• Small fat molecules

  • Soft curd

  • Low in lactose


Goat’s milk contains smaller fat molecules than cow’s milk, making it much easier to digest. Goat’s milk is also made up of just 2% curd and the protein forms a soft type of curd which makes it far more digestible than cow’s milk.

Goat’s milk contains less lactose than cow’s milk so people who have difficulties digesting regular milk may be able to tolerate goat’s milk.

  • High in Calcium

  • Reduces bad cholesterol

  • Increases good cholesterol (1)


Goat’s milk provides 33% of the recommended daily value of calcium.

When it comes to heart health, goat’s milk can have a very positive impact. Studies have demonstrated that not only does goat’s milk help reduce bad cholesterol levels, but it can actually increase the good variety of cholesterol in your blood. (1)

  • Prevention of heart disease

  • Treatment of many intestinal conditions

  • Effective form of energy


Goat’s milk contains 35% of medium-chain fatty acids.  Medium-chain fatty acids are linked to the prevention of heart disease, the treatment of many intestinal conditions, as well as various other complaints.

These fatty acids are more also effectively used by the body as energy rather than being stored away in the shape of body fat.

  • Contains moisturising triglycerides and medium-chain fatty acids

  • Good source of vitamin A for skin health, and acne

  • Contains lactic acid to get rid of dead skin cells (2)

The medium-chain fatty acids as well as the triglycerides that you get from goat’s milk not only maintain your internal health, but they can also help your skin. These compounds have moisturising actions, and may assist your skin to feel softer and smoother and appear much healthier.

Goat’s milk is also an excellent source of vitamin A which is important in maintaining the overall health of your skin, improving your complexion and fighting skin conditions like acne. According to many skin care professionals, the lactic acid in goat’s milk also helps get rid of dead or old skin cells while brightening the tone of your skin. (2)

  • Nutrients are digested readily

  • Can help treat bone demineralisation and anaemia (3)


There is evidence that the nutrients in goat’s milk are more bioavailable than cow’s milk. Some studies have demonstrated that if you drink goat’s milk minerals like calcium, iron, phosphorus, and magnesium are digested more readily.

According to research published in 2007, this means that goat milk may offer a potential treatment for various forms of nutritional deficiency including bone demineralization and anaemia. (3)

Those with neurodegenerative disorders can also benefit from its high levels of selenium and zinc.

  • Contains A2 casein (non-inflammatory)

  • Less allergens than cow’s milk

  • Closest to breast milk in protein content (4)


The majority of people who are unable to drink regular cow’s milk are actually unable to digest a single protein called A1 casein. However, cow’s milk also has over 20 other allergens that can cause a reaction and is one of the reasons that cow’s milk is among the most common causes of allergic reaction in children. These reactions that can continue into adulthood include runny nose, hives, stomach cramps and colic.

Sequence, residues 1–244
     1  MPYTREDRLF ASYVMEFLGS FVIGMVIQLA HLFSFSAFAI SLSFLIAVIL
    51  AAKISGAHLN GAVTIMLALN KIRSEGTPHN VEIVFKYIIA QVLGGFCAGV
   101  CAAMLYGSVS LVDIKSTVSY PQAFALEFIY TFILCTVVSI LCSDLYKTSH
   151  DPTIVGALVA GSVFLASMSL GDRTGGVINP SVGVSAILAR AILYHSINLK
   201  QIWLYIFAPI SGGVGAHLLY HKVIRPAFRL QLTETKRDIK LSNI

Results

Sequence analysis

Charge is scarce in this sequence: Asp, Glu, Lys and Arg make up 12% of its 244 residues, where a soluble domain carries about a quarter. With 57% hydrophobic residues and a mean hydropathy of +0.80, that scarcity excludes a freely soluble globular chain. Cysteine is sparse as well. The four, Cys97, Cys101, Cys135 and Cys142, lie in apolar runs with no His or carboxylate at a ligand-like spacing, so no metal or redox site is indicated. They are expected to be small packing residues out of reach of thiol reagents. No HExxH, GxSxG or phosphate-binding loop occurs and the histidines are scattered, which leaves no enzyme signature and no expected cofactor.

A1 casein is known to be a highly inflammatory protein which is linked to a number of intestinal conditions such as Crohn’s disease, leaky gut syndrome, and irritable bowel syndrome. Research has also linked the protein to autoimmune disorders, and skin complaints like acne and eczema. (3)

Unlike cow’s milk, goat milk contains little A1 casein. Instead, it has another protein called A2 casein which is not linked to any of the negative reactions or inflammatory effects associated with cow milk.

For this reason, goat’s milk is considered to be the closest approximation to breast milk when it comes to protein content. One study found that it was less likely to cause an allergic reaction if it was drunk by infants as the first form of milk after breastfeeding had stopped. (4)


Goats milk contains 250-300mg/L of prebiotic oligosaccharides. Over 37 oligosaccharides have been identified in goats milk, making it the closest to human milk (although still significantly less than human milk).

Almost 90% of oligosaccharides escape digestion in the small intestine and reaches the colon where it performs a different function, that of a prebiotic.   Prebiotics promote the growth of beneficial microorganisms in the intestine and contribute to well-being and gut protection.


Homogenisation is a process that works by forcing fluid milk through a tiny hole under tremendous pressure, which destroys the fat globule cell wall and allows the milk and cream to stay homogeneous or suspended and well mixed.

Once the cell wall of the fat globule has been broken, it releases a free radical, Xanthine Oxidase.  Free radicals can cause a host of problems in the body.

Goats milk has smaller fat globules, which allows it to stay naturally homogenised.

(1) http://www.ncbi.nlm.nih.gov/pubmed/15738237
(2) https://www.sciencedaily.com/releases/2007/07/070730100229.htm
(3) http://www.nature.com/ejcn/journal/v68/n9/full/ejcn2014127a.html
(4) http://www.ncbi.nlm.nih.gov/pubmed/15448424

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Goats4life Unpasteurised Goats Milk

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